The ubiquitous ‘Boléro’ completes the programme, and here the liner notes inform us that ‘John Wilson has meticulously restored many details which have become lost through careless reading of Ravel’s intentions and through the transformation of the ballet score into a popular concert piece’. Whether or not these details would be noticed by many listeners is a moot point, but the antiphonal snare drums are most effective here and Wilson’s pacing is mesmeric.
As expected the Chandos engineering is excellent throughout, with the acoustic of the Church of St. Augustine, Kilburn bringing clarity, spaciousness and depth of image in equal measures to the recorded sound.
Comparisons with any of the countless other recordings of these ever popular pieces, all of which are already well represented on SACD, are superfluous and while one or more of them will be found already in the libraries of Ravel aficionados, the eloquence of Wilson’s performances – subtly nuanced in the more reflective pieces and rhythmically incisive elsewhere – are unmissable.
Another absolute winner for these artists.
Copyright © 2022 Graham Williams and HRAudio.net
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Comment by john hunter - January 26, 2022 (1 of 5)
Comment by Donald Cramer - January 29, 2022 (2 of 5)
Excellent review. I've been needing these works on SACD for years and this one really seems to fill the bill. Thanks!
Comment by Marcus DiBenedetto - February 6, 2022 (3 of 5)
Graham's review was too tempting so I downloaded the album from Chandos (FLAC 24/96 surround). I've listened to it twice now and can attest that this is a superb recording both for performance and sonics. I agree, the winds are spectacular and make the music all the more enchanting. There's more, in fact, too many instruments to name that all have their moments to engage the listener. Once you realize there is nothing distracting in the performance, you can settle in and enjoy the musical journey from beginning to end. An emotional connection is easy to make with every track. Forget what was intended. Instead, sit back and allow the music to conjure up in your imagination whatever pictures come to mind. It is that good!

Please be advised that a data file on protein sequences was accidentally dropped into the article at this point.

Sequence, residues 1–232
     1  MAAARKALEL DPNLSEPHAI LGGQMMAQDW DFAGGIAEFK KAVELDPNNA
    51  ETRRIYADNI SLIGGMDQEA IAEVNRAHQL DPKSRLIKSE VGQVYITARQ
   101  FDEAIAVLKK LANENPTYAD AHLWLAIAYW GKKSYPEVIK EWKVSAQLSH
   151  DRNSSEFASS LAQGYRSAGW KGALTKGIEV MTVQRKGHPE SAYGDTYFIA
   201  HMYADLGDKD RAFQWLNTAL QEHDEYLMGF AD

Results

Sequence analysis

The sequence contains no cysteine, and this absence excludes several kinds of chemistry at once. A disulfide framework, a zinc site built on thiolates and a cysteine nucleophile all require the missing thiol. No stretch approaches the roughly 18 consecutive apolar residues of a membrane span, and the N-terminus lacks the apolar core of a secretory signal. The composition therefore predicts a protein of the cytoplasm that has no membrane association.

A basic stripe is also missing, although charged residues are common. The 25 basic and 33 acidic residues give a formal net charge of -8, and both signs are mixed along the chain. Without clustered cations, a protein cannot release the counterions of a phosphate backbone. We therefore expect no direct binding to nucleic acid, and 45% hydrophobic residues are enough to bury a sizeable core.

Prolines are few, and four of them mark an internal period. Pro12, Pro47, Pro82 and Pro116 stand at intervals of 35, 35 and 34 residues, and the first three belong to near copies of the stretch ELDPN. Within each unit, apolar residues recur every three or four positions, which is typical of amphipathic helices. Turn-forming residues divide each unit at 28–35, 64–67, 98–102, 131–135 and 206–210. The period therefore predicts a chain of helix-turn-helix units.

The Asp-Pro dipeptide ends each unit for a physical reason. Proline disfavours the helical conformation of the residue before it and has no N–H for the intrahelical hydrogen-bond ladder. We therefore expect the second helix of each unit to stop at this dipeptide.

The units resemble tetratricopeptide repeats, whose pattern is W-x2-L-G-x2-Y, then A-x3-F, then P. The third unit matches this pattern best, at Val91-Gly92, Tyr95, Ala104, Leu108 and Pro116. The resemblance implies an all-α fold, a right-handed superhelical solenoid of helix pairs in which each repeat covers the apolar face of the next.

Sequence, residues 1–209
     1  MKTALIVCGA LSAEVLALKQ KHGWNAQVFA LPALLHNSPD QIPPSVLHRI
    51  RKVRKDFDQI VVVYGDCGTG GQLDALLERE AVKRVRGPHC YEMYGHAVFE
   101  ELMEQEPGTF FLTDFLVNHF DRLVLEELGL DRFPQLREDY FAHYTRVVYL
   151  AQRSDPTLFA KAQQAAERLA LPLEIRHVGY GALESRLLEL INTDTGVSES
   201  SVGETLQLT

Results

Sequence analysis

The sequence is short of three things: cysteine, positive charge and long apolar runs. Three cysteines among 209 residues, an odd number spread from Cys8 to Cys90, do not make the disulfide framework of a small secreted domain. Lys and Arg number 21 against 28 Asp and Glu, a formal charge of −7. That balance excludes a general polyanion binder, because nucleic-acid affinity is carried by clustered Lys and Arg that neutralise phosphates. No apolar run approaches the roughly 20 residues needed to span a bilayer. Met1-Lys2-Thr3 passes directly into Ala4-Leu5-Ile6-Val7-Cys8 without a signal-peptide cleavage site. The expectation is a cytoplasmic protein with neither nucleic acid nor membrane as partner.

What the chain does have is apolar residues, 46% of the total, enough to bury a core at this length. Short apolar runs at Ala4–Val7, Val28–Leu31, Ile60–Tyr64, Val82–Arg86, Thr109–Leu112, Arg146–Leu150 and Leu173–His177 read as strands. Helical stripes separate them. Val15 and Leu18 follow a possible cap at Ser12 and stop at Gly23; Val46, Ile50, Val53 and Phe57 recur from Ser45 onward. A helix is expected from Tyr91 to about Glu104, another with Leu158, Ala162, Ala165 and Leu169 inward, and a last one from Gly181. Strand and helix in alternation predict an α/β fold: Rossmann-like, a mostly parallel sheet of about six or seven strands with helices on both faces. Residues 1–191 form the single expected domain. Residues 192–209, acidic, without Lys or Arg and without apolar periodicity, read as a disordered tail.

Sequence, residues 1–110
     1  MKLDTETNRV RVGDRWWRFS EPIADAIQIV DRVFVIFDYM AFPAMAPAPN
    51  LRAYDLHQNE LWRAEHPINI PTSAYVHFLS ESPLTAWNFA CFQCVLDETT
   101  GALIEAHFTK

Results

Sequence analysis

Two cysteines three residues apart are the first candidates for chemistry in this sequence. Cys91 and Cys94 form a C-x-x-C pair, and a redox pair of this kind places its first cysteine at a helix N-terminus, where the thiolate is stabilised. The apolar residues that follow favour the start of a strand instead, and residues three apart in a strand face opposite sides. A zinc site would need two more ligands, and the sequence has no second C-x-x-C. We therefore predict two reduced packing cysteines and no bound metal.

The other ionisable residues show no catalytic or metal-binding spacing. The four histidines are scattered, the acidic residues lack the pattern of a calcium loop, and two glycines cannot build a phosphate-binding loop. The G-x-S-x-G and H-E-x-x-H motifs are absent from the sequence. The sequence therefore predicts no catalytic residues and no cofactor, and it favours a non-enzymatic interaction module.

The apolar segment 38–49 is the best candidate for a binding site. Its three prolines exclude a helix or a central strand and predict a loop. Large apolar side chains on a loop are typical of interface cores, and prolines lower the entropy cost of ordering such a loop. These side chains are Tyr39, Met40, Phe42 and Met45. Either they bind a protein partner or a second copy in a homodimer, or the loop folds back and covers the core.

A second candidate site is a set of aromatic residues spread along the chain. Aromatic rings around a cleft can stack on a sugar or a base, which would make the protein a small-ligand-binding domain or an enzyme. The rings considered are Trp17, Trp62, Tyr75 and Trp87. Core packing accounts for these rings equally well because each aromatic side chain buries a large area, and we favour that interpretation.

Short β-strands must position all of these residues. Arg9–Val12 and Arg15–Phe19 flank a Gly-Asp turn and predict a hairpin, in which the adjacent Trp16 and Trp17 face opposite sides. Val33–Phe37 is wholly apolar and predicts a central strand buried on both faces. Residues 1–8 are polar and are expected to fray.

Aside from the performance, I need to comment on the sonics. When I first listened to the album, I was amazed at the clarity of each instrument. It was as if I could see the performer, on stage, in their rightful position. Aside from the individual performers, the whole orchestra comes together in a wide and deep soundstage. I'm not sure how it was accomplished, but the sonics in multichannel were among the best I've ever heard in my system. All the action was up in the front. My rear surrounds had only a minor role. It didn't matter. I was completely engaged from beginning to end. ...And what a great ending with Boléro. It is a wonderful feeling to purchase music and while listening it makes you sit up and take notice.
Las Vegas, NV
Comment by breydon_music - February 19, 2022 (4 of 5)
Chandos spoil us with another Wilson SACD in April, entitled "Metamorphosen" and featuring works by Strauss, Korngold and Schreker.
Comment by hiredfox - February 20, 2022 (5 of 5)
Orchestras that have been hand picked by their founding conductors and stayed together often excel in a way that many more famous orchestras do not one suspects for rather obvious reasons of personal empathy. The longer the association lasts the better they become it seems. Notable examples in recent times have been the RNO under Pletnev & the Budapest Festival Orchestra under Fischer.
John Wilson's Sinfonia of London is relatively new but seemingly cast in the same mold even though the conductor has been around the block a few times before and remains little known internationally. Whatever, their recordings now fall into that coveted category of "must buys" for many.